The Gough Map of Great Britain - part of the Linguistic Geographies project (King’s College London, Oxford, Queen’s University Belfast)
Building an open source map of the world’s languages (via rgreco)
it’s like an early version of alphashapes
This evening the twitter celebrity @MooseAllain retweeted mainly English, particularly Wessex/Cornwall, regional names for woodlice. They are amazing. I have tried to make a map of the results. The word sizes are chosen to make the words fit and the locations are approximate and I just couldn’t get “Snarly-Grocklemice” to fit in Cornwall. Outside the map, slaters is apparently also common in Northern Ireland and clocks elsewhere in Ireland and they are called potato bugs in Canada and rolly pollys or pill bugs in the US.
The tweets have now been storified:
[The word “bishy barnabee”, from Norfolk, has been removed; it seems it is actually a local word for ladybird
and has an amusing etymology
(Thanks for @stancarey and @boswellaffleck for this last bit).]
I’ve finally finished what started out as my Easter weekend craft project!
I cross stitched the pulmonic consonants of the International Phonetic Alphabet (IPA). It ended up taking so long not because of the individual characters but because it took forever to grey out the areas that aren’t physiologically possible.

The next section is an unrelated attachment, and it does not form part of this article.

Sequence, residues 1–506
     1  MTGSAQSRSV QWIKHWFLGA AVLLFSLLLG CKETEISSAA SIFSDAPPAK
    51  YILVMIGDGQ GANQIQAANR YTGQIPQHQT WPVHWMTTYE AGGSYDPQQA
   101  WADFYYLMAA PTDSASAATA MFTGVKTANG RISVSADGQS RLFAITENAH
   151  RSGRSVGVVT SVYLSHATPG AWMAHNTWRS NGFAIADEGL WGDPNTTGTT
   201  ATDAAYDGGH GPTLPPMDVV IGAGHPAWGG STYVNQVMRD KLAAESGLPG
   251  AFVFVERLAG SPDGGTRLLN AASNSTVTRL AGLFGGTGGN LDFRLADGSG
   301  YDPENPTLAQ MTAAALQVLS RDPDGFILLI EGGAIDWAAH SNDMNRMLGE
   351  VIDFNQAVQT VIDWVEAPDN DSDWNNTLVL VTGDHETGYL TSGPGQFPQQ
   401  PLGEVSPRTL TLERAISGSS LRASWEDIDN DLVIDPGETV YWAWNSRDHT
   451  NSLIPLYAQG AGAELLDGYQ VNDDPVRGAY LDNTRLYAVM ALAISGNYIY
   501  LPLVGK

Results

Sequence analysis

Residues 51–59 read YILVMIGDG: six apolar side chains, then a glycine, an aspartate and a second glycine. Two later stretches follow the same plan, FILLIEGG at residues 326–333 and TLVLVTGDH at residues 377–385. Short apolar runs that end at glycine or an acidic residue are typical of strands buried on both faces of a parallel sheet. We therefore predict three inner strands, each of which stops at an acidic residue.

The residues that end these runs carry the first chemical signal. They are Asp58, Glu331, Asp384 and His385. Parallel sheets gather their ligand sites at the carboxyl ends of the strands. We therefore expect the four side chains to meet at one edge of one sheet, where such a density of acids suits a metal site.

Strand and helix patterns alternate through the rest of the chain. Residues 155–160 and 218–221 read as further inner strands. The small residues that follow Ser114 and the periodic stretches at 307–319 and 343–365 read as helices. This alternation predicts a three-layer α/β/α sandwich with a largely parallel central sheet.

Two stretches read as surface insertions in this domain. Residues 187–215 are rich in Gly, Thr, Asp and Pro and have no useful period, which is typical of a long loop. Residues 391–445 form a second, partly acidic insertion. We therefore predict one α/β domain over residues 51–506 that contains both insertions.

If you’re not familiar with the IPA I’ll give you my patented 30 second lesson. The vertical categories vary by the place of articulation - that is where in the mouth they are made. The first are ‘bi-labial’, made with the lips. The ‘p’ and ‘b’ are more or less exactly as you make them in English, by time you get to the question-marky think you’re at your glottis, where you make sounds. If you say ‘uh-oh’ that gap in the middle is a glottal stop. See, you make them without even knowing! Good work you! On the horizontal the difference is manner of articulation - that is how you make the sounds. The first ones are ‘stops’, which you make by closing your mouth fully at some point and releasing it. below that are nasals, such as ‘m’ and ‘n’ and ‘ng’ in English. And so on. A chart with all those labels can be found here. Linguists, and especially phoneticians, use these symbols to accurately represent the same sounds across many different languages.
Next I’ll have to start on the vowels!
Inspired by visualizations of particle collisions at LHC CERN, wordcollider accelerate two phrases against each other on a collision course. The collision split the words up in their letters, their elementary particles, so to speak. After collision, wordcollider visualize a signature for each letter, based on their phonetic characteristics.
Wordcollider is the result of a processing workshop with Steffen Fiedler. steffenfiedler.com/
music by “Epic Soul Factory”